Employment Law Alert: Legal Requirements for Furloughs (Temporary Layoffs)
March 25, 2020
The COVID-19 crisis (and related shelter at home orders) are making it necessary for many employers to implement furloughs (temporary layoffs), especially for employees who cannot perform their jobs remotely. As discussed below, furloughs often trigger a variety of the same legal requirements that would apply to a termination of employment, and require attention to other employment law complexities.
The California Labor Commissioner’s Enforcement Policies & Interpretations Manual states that “[i]f an employee is laid off without a specific return date within the normal pay period, the wages earned up to and including the lay off date are due and payable in accordance with Section [requiring immediate payment of all earned wages upon discharge from employment]. If there is a return date within the pay period and the employee is scheduled to return to work, the wages may be paid at the next regular pay day.”
As a result, when a California employer furloughs an employee indefinitely (or with a return date outside of the normal pay period) based upon the California (or a local) shelter at home Order, all earned wages must be paid immediately (including, but not limited to, earned base pay, vacation/PTO, calculable bonuses/commissions, etc.) Willful failure to do so exposes the employer to waiting time penalties of up to 30 working days wages.
An indefinite furlough also generally triggers most termination notice requirements. In particular, with respect to unemployment compensation, it triggers a California employer’s obligation immediately to provide a Notice to Employee as to Change in Relationship, and the brochure For Your Benefit: California’s Programs for the Unemployed. COBRA notice must also be provided if the furlough is an event that triggers loss of active employee health insurance coverage. Employers should review their benefits plans to determine what other benefits-related notices may be required.
With respect to furloughs affecting 50 or more employees, employers should consult with their legal counsel regarding federal and state WARN Act requirements (generally requiring 60 days advance notice, subject to possible exceptions that may reduce the duration of the advance notice period). California Governor Gavin Newsom issued Executive Order N-31-20, temporarily suspending provisions of the California WARN Act in light of the COVID-19 crisis, subject to specific conditions being satisfied by the employer.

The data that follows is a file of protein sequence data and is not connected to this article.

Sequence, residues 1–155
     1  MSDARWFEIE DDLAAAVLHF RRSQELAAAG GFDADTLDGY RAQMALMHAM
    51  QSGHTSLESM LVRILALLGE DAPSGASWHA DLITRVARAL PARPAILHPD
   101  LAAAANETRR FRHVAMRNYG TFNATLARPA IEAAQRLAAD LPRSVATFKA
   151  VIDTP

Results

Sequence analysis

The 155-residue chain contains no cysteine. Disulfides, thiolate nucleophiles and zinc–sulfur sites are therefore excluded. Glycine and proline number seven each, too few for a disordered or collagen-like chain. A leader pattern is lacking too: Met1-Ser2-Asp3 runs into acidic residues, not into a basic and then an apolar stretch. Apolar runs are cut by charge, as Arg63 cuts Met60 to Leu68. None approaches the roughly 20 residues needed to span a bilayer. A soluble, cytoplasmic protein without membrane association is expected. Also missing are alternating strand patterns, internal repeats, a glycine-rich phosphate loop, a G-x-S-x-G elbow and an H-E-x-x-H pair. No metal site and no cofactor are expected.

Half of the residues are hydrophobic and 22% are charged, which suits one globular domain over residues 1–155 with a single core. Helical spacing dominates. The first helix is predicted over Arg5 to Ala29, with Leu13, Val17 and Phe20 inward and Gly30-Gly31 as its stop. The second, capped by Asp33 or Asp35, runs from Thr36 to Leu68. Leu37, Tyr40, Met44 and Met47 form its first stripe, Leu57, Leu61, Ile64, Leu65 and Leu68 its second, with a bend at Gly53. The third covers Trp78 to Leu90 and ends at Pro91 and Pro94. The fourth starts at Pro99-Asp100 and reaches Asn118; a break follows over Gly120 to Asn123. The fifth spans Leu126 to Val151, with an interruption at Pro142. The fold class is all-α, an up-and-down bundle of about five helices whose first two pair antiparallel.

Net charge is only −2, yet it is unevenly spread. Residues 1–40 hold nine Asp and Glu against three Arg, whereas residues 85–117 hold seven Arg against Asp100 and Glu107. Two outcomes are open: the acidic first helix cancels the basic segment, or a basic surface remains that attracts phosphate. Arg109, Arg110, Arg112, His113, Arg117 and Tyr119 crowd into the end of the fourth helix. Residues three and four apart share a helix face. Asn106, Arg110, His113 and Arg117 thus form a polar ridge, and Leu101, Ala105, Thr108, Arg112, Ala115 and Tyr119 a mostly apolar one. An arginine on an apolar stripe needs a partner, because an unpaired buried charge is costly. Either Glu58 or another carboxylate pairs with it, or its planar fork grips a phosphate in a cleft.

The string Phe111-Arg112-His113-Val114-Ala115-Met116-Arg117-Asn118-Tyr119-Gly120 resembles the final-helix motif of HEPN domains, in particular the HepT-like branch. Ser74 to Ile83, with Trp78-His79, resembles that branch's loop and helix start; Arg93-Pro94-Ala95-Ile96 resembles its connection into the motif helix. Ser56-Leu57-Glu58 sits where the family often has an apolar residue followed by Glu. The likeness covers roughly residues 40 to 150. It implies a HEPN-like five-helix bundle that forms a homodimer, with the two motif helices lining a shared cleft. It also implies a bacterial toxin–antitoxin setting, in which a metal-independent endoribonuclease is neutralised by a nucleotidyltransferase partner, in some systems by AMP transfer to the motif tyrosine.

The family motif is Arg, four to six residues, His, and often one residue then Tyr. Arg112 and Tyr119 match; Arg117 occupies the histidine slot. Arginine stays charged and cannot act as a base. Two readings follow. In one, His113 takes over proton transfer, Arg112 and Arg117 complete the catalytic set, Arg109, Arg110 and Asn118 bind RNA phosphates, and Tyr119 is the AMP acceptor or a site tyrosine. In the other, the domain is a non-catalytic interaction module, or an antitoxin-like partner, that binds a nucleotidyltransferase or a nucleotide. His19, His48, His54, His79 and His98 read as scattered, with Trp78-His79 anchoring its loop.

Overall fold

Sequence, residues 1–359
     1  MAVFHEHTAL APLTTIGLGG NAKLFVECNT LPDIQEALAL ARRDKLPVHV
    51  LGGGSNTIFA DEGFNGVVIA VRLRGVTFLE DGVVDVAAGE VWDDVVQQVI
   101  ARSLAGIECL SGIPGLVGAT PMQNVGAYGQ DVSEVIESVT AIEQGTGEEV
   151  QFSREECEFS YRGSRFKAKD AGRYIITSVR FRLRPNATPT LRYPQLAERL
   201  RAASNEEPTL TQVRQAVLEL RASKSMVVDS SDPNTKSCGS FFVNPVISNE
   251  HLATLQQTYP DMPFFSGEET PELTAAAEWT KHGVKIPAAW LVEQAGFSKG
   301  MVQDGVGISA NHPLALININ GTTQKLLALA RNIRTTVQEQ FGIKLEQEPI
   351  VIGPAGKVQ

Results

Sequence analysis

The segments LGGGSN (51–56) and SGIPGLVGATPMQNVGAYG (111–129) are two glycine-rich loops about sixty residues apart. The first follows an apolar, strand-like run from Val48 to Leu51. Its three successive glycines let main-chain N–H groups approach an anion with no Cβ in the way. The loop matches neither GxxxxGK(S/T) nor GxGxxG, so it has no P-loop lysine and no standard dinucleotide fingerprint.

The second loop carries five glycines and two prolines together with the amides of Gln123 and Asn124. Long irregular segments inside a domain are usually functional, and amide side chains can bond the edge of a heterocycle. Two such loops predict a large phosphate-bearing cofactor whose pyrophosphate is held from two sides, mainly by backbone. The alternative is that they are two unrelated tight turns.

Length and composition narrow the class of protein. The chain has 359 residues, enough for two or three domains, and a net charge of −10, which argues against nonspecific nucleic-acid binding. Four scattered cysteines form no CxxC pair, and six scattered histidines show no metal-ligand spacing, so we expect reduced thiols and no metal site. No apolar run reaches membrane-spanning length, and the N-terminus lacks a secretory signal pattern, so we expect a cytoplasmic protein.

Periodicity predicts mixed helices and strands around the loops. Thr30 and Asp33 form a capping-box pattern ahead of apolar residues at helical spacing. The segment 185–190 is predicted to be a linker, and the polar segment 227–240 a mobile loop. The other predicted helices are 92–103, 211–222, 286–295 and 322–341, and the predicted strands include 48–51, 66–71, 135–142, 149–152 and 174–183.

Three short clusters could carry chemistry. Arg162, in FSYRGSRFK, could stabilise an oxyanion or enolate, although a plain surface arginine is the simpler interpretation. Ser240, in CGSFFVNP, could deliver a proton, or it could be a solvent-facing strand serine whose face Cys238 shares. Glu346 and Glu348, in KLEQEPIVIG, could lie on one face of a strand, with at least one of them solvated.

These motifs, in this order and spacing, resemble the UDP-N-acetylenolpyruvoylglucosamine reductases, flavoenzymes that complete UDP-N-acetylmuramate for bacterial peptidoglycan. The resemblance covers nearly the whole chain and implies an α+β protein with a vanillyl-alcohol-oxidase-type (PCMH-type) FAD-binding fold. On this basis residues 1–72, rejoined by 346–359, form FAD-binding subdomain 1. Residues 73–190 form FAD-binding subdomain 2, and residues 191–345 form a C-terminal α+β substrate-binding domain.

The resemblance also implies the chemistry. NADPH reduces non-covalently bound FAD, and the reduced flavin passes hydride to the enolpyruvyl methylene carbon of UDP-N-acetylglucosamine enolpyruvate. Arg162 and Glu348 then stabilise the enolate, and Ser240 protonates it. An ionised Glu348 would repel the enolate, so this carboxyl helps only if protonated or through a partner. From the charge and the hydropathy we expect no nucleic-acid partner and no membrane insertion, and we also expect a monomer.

Exempt Employee Weekly Salary
Overtime exemption requirements generally require that exempt employees be paid their full weekly salary if they perform any work in the workweek. Because this rule comes from both California and federal laws, it applies to employees inside and outside of California. Exempt employees should be instructed (in writing) not to perform any work during unpaid furlough workweeks (including the weekdays and weekend days in the workweek) unless requested to do so in writing. In contrast, as to non-exempt employees, the law permits partial week furlough (because the “salary” requirement does not apply to them), as long as they are paid for all actual working hours.
Reasonable Advance Notice for Mandatory Vacation/PTO Use
A written memorandum issued (years ago) by the California Labor Commissioner states that employers must provide reasonable notice as far in advance as possible before requiring any employees (whether exempt or non-exempt) to use accrued vacation (or paid time off) on particular dates. The Labor Commissioner’s memorandum states that this notice generally must be the greater of either 90 days or one full fiscal quarter. Employers unable to provide such advance notice for mandatory usage can instead provide employees with the option to either use accrued vacation/PTO during the furlough, or to take the furlough as unpaid leave (with the exception of exempt employee partial-week work, as discussed above).
Federal Emergency Paid Sick Leave
The recently enacted Federal Emergency Paid Sick Leave Act (“EPSLA”) contains an unfortunate ambiguity as to whether an employee’s inability to work due to a shelter at home order qualifies for the emergency paid sick leave. The key language in the law is the provision that entitles employees to sick leave if they are “unable to work (or telework) due to a need for leave because . . . [t]he employee is subject to a Federal, State, or local quarantine or isolation order related to COVID-19.” While at first blush many have assumed that a shelter at home order would be considered a “quarantine or isolation order,” there are traditional technical definitions of these terms that make it unclear as to whether shelter at home orders are covered. We are hopeful that the federal Department of Labor will soon issue clarifying guidance. In the meantime, employers should consult with their legal counsel about questions on this important subject.